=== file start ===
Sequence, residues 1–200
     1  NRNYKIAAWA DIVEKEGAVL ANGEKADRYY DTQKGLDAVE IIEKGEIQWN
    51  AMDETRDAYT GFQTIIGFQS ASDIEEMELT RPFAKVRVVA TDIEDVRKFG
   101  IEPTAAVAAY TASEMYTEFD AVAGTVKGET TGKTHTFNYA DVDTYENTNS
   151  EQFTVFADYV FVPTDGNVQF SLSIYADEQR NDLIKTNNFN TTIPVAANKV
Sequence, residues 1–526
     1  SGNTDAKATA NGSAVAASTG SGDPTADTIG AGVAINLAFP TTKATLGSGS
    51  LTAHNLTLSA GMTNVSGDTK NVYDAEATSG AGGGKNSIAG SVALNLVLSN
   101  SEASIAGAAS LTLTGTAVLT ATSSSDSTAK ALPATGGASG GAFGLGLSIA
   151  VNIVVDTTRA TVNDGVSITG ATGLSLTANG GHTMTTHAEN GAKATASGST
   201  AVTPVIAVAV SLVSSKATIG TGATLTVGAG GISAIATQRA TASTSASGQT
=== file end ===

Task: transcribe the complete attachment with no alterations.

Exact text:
Sequence, residues 1–200
     1  NRNYKIAAWA DIVEKEGAVL ANGEKADRYY DTQKGLDAVE IIEKGEIQWN
    51  AMDETRDAYT GFQTIIGFQS ASDIEEMELT RPFAKVRVVA TDIEDVRKFG
   101  IEPTAAVAAY TASEMYTEFD AVAGTVKGET TGKTHTFNYA DVDTYENTNS
   151  EQFTVFADYV FVPTDGNVQF SLSIYADEQR NDLIKTNNFN TTIPVAANKV
Sequence, residues 1–526
     1  SGNTDAKATA NGSAVAASTG SGDPTADTIG AGVAINLAFP TTKATLGSGS
    51  LTAHNLTLSA GMTNVSGDTK NVYDAEATSG AGGGKNSIAG SVALNLVLSN
   101  SEASIAGAAS LTLTGTAVLT ATSSSDSTAK ALPATGGASG GAFGLGLSIA
   151  VNIVVDTTRA TVNDGVSITG ATGLSLTANG GHTMTTHAEN GAKATASGST
   201  AVTPVIAVAV SLVSSKATIG TGATLTVGAG GISAIATQRA TASTSASGQT